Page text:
Grief at School


Help students and staff grieve and express emotions in a healthy way.

By Michele Faehnle, RN, BSN

This summer our school suffered a great loss with the unexpected death of a teacher. At the wake and funeral, the grief that encompassed our staff, students and school community was overwhelming. As I prepared for the upcoming school year, the school counselor and I met to work through a plan for our students and staff to help them grieve and express their emotions in a healthy way.

Part of our preparations included meeting with Deana Thatcher, MSW, LISW-S, a counselor who specializes in grieving and bereavement care at Cornerstone of Hope, an organization dedicated to providing comprehensive bereavement services to children, teens and adults and collecting resources to help us respond to those we serve who are mourning. Below is information I gathered that I found helpful in understanding and helping people grieve within our school communities.

Understand Grief and How to Help Those Who Grieve

Grief is a normal response to loss that affects our mind, body, spirit and emotions. It touches all of us at some point in our lives and is multifaceted and complex. As part of the education system, we will be faced with helping children and co-workers grieve when there is loss. Most school staff members have received very limited training on grief and how to help others through challenging times of loss. Although understanding and helping those who grieve is difficult, especially because individuals all grieve differently, the good news is there are many resources available online to help you.

One resource I found very beneficial is Understanding Death, Grief & Mourning, A Resource Manual from Cornerstone of Hope. This guide was written as “a devotional response to God’s call to serve those left to grieve” and covers many topics that were helpful in my search, including: talking to children about death, preparing children for funerals, bereavement charts by age and developmental stages, how to tell if a child needs counseling, books and resources, adult grief, suicide and murder loss, grief in the workplace, types of help available, helping employees deal with trauma and spiritual resources. This free and comprehensive guide is designed to help both those who grieve and those who accompany those who need support in their grief.

The Coalition to Support Grieving Students is another excellent resource that provides free online video and grief support modules for school personnel.   The goal of this organization is to “empower every adult in every school in the country to comfort a grieving student.”  Downloads such as What Not to Say gives educators concrete advice on speaking with students in a helpful way who have recently lost a loved one.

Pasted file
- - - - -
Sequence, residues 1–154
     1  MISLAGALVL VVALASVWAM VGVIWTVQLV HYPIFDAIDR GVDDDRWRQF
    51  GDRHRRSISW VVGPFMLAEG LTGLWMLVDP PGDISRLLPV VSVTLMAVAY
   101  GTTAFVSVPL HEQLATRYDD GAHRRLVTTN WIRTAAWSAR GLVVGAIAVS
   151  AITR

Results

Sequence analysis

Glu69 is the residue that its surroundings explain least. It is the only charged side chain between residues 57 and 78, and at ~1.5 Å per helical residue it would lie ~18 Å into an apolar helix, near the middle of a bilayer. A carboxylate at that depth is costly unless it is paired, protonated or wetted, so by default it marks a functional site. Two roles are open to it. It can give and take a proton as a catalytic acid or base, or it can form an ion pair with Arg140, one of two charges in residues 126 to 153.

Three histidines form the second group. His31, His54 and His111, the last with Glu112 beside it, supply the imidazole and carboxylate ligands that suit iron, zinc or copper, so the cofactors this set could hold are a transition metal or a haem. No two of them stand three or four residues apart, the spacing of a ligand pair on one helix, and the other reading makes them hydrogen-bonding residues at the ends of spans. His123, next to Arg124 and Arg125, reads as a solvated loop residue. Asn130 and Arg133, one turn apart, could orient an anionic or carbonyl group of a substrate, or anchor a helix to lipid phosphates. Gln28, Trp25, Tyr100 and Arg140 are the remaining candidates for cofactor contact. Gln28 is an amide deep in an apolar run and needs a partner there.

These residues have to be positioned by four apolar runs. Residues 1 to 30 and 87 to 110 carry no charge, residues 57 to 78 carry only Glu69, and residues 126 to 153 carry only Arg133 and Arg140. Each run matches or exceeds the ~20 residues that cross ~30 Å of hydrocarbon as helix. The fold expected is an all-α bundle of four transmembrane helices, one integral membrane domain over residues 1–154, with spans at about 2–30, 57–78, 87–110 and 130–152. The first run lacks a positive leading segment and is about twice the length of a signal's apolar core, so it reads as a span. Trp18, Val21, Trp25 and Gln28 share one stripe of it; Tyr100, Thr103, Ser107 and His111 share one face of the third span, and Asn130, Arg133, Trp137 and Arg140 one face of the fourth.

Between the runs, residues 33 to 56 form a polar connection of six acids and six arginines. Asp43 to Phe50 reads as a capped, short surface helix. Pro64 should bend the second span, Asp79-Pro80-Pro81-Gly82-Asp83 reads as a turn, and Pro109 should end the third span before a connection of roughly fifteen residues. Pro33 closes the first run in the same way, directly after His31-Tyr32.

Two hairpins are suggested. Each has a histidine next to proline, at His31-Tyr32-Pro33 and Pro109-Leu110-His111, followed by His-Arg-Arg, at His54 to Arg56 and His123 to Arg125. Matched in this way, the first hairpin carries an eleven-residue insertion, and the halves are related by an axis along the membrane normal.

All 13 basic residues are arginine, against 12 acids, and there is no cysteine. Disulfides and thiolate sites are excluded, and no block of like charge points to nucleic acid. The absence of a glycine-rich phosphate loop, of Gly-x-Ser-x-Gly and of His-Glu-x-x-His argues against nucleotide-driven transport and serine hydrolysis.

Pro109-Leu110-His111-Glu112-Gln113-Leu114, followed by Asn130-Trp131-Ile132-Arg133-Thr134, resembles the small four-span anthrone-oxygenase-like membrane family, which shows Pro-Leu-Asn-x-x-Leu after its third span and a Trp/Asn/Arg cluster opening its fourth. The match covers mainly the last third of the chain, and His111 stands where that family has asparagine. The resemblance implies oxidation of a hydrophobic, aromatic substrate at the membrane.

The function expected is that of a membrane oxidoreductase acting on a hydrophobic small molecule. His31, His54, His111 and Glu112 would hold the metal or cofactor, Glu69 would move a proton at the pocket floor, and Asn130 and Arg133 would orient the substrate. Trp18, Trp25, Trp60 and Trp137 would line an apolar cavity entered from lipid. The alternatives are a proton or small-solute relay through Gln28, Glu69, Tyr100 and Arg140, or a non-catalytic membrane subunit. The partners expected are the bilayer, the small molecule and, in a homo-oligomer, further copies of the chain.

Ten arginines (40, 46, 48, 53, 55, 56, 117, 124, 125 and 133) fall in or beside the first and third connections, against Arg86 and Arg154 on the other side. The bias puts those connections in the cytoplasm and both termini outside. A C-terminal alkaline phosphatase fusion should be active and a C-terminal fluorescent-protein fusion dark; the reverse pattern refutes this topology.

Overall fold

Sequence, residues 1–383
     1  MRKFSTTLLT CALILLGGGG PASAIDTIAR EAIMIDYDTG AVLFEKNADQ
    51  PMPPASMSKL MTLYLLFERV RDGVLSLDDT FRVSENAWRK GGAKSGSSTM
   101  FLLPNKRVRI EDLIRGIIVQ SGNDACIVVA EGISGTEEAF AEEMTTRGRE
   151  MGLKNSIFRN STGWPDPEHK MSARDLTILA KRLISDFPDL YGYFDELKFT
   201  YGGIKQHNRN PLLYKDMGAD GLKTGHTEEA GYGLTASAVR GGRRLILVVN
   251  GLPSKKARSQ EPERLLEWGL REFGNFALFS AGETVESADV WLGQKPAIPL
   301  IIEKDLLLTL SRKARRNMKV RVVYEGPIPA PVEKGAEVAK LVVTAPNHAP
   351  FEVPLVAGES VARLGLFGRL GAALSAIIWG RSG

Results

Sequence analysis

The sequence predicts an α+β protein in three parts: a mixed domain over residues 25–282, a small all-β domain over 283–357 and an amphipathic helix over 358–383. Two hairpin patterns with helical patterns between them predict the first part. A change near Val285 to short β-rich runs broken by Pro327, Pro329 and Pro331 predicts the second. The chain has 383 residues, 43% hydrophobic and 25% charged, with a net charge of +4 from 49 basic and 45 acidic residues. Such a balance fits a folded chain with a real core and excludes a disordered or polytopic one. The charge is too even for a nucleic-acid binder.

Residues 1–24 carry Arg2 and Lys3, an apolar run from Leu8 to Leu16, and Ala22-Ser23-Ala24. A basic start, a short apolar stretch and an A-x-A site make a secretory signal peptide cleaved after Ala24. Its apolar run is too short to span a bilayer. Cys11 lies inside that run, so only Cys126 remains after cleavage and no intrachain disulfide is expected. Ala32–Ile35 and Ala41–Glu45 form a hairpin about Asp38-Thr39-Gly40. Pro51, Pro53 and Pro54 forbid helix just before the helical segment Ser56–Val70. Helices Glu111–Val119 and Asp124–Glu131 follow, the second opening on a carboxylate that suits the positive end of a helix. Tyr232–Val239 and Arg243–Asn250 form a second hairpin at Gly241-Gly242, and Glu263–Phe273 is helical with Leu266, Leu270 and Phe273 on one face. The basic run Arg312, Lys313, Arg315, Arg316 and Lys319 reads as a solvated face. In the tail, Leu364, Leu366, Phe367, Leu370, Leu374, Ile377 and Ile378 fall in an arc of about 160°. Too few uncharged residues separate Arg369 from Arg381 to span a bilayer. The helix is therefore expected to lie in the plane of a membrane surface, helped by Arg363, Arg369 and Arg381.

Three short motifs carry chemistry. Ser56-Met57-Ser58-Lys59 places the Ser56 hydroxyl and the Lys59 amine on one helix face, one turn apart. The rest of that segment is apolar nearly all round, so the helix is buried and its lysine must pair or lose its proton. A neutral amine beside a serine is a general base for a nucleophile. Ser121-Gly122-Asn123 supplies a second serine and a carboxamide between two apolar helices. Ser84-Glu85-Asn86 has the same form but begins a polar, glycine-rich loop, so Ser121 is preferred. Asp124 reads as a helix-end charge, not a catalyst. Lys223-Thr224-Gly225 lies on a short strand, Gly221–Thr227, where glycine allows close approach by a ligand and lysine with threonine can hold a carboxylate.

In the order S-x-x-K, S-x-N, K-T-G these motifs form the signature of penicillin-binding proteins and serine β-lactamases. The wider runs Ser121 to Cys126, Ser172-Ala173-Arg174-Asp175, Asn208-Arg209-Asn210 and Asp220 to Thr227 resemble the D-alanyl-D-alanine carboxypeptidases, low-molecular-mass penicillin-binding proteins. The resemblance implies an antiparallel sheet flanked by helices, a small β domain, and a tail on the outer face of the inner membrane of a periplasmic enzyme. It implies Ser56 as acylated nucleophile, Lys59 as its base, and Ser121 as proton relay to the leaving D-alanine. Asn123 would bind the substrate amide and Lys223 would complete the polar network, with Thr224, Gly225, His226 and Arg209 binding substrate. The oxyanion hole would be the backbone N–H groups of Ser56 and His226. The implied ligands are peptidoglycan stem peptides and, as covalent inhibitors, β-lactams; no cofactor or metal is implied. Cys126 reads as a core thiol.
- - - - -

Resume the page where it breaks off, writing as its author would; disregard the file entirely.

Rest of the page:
Designed by the New York Life Foundation, achildingrief.com is a website that helps teacher and caregivers to be “prepared with an arsenal of information and guidance that can help bereaved children and their families.” In addition to online resources such as the National Bereavement Resource Guide which helps you find local resources, it also provides downloadable booklets such as After a loved one dies – How children grieve and how parents and other adults can support them.

Scholastic has also teamed up with New York Life and provided teacher specific resources for dealing with grief, including an entire page dedicated to loss in the school community which includes articles about loss of a school community member. Other resources under How Teachers Can Help provides a list of videos and articles specifically written for educators on how best to support students who grieve.

The National Center for School Crisis and Bereavement also provides free crisis response, education and training for school professionals, including this download on Responding to a Student or Staff Death in a School Setting.

Our Catholic faith also offers us hope and healing in times of grief. Jesus himself knew grief and sadness and told us “Come to me, all you that are weary and are carrying heavy burdens, and I will give you rest” (Matthew 11:28). The Toronto Catholic District School Board offers a document on Bereavement In Our Catholic Schools. This downloadable booklet is designed to help your Catholic school “ to provide emotional support for the bereaved members of the school in order to assist with the healing process.” In addition to general bereavement information, this guide offers prayer and spiritual resources for your school.

This is not a comprehensive or exhaustive list of grief resources, but these tools and resources about understanding how grief impacts our lives as well as those of our students, and can help our school communities during seasons of grief.

Image credit: iStock

Michele Faehnle, RN, BSN, is the school nurse at St. Andrew School, Columbus, Ohio and co-author of Divine Mercy for Moms and The Friendship Project.

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